Retrospective analysis and clinical evaluation of mandible reconstruction with free fibula flap

Retrospective analysis and clinical evaluation of mandible reconstruction with free fibula flap The objective of this investigation was to evaluate the indications for and the functional and cosmetic results of mandible reconstruction using free vascularized fibular flaps. It was also designed to assess the patients’ quality of life, daily activities, and self-esteem, with special emphasis on patient satisfaction. We conducted a retrospective chart review of all patients who underwent osseus or osteocutaneous free flap reconstruction of the mandible over a 10-year period (1992–2002). Those in whom a vascularized fibular flap was used were included in the study and invited for a follow-up comprehensive physical examination and x-ray evaluation. A questionnaire was also administered to evaluate patient satisfaction. Twenty-six patients were included in the study. Fourteen patients died after an average of 2 years and 9 months postoperatively due to their prognosis despite surgical intervention and adjuvant therapy. Of the remaining 12 patients, 6 appeared for the follow-up evaluation, 2 were unavailable for follow-up, and 4 denied participating. Of these 6 patients, all experienced a decrease in pain and were satisfied with their results. At the time of the latest follow-up, they experienced some difficulties swallowing, and in 3 patients, their articulation was impaired. All 6 patients would undergo the procedure again. Reconstruction of the mandible using a vascularized fibular graft produces satisfactory functional and cosmetic results. In benign lesions, the procedure is highly indicated. However, in the case of malignancy, most patients do not survive their primary tumor. Given the patients limited life expectancy, the improvement in their quality of life as a result of the improved appearance and function of the reconstructed mandible needs to be weighed against the potential morbidity of the operative intervention on an individual basis. http://www.deepdyve.com/assets/images/DeepDyve-Logo-lg.png European Journal of Plastic Surgery Springer Journals

Retrospective analysis and clinical evaluation of mandible reconstruction with free fibula flap

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Publisher
Springer-Verlag
Copyright
Copyright © 2007 by Springer-Verlag
Subject
Medicine & Public Health; Plastic Surgery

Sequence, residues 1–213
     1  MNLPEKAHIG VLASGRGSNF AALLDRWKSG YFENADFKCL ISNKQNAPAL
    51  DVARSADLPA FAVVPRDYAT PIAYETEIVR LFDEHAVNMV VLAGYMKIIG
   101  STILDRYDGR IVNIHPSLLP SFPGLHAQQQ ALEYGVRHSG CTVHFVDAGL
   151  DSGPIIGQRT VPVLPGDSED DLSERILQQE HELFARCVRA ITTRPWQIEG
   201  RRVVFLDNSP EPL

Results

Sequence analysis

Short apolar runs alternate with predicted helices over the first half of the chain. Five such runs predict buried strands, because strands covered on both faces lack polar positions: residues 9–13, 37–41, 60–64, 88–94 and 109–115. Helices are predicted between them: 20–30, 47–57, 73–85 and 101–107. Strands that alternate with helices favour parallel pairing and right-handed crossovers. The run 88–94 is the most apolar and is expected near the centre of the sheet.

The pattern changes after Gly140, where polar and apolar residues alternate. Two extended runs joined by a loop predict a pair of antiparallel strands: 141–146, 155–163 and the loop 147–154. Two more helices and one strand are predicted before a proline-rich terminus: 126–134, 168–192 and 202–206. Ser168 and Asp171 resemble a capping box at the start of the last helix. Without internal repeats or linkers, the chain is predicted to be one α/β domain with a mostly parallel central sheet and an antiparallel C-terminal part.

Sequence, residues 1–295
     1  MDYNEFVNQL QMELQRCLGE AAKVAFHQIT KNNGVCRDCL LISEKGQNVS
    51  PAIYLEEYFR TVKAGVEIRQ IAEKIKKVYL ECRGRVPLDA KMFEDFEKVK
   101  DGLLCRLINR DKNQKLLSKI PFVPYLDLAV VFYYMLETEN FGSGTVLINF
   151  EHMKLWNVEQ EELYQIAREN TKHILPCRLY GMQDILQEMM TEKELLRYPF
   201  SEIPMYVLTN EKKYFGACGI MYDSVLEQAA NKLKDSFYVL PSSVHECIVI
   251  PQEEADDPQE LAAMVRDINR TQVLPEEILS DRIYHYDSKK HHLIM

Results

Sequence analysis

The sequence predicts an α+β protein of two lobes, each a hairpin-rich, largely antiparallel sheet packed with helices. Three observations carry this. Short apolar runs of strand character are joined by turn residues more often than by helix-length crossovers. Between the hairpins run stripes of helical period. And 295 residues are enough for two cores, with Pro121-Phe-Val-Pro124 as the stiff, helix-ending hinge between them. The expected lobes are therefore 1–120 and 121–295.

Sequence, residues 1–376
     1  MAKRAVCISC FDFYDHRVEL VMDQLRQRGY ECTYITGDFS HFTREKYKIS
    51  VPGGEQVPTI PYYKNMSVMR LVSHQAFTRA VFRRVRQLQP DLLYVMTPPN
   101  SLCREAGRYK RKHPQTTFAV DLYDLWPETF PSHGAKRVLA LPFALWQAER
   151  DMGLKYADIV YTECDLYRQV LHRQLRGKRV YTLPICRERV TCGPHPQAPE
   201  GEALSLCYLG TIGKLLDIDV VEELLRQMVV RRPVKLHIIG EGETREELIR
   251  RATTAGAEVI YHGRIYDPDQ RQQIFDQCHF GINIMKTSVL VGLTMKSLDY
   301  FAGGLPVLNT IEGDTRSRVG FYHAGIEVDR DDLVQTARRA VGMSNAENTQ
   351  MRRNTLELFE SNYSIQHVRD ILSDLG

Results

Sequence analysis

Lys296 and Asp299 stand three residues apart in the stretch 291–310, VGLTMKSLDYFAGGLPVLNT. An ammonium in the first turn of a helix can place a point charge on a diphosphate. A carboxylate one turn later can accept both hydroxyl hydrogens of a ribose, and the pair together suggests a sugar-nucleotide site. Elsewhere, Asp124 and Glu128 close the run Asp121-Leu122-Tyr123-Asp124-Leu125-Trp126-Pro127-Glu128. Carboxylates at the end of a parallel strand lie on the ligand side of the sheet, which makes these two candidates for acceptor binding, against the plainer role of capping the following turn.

ISSN
0930-343X
eISSN
1435-0130
D.O.I.
10.1007/s00238-006-0081-y
Publisher site
See Article on Publisher Site

Abstract

The objective of this investigation was to evaluate the indications for and the functional and cosmetic results of mandible reconstruction using free vascularized fibular flaps. It was also designed to assess the patients’ quality of life, daily activities, and self-esteem, with special emphasis on patient satisfaction. We conducted a retrospective chart review of all patients who underwent osseus or osteocutaneous free flap reconstruction of the mandible over a 10-year period (1992–2002). Those in whom a vascularized fibular flap was used were included in the study and invited for a follow-up comprehensive physical examination and x-ray evaluation. A questionnaire was also administered to evaluate patient satisfaction. Twenty-six patients were included in the study. Fourteen patients died after an average of 2 years and 9 months postoperatively due to their prognosis despite surgical intervention and adjuvant therapy. Of the remaining 12 patients, 6 appeared for the follow-up evaluation, 2 were unavailable for follow-up, and 4 denied participating. Of these 6 patients, all experienced a decrease in pain and were satisfied with their results. At the time of the latest follow-up, they experienced some difficulties swallowing, and in 3 patients, their articulation was impaired. All 6 patients would undergo the procedure again. Reconstruction of the mandible using a vascularized fibular graft produces satisfactory functional and cosmetic results. In benign lesions, the procedure is highly indicated. However, in the case of malignancy, most patients do not survive their primary tumor. Given the patients limited life expectancy, the improvement in their quality of life as a result of the improved appearance and function of the reconstructed mandible needs to be weighed against the potential morbidity of the operative intervention on an individual basis.

Journal

European Journal of Plastic SurgerySpringer Journals

Published: Feb 1, 2007

References

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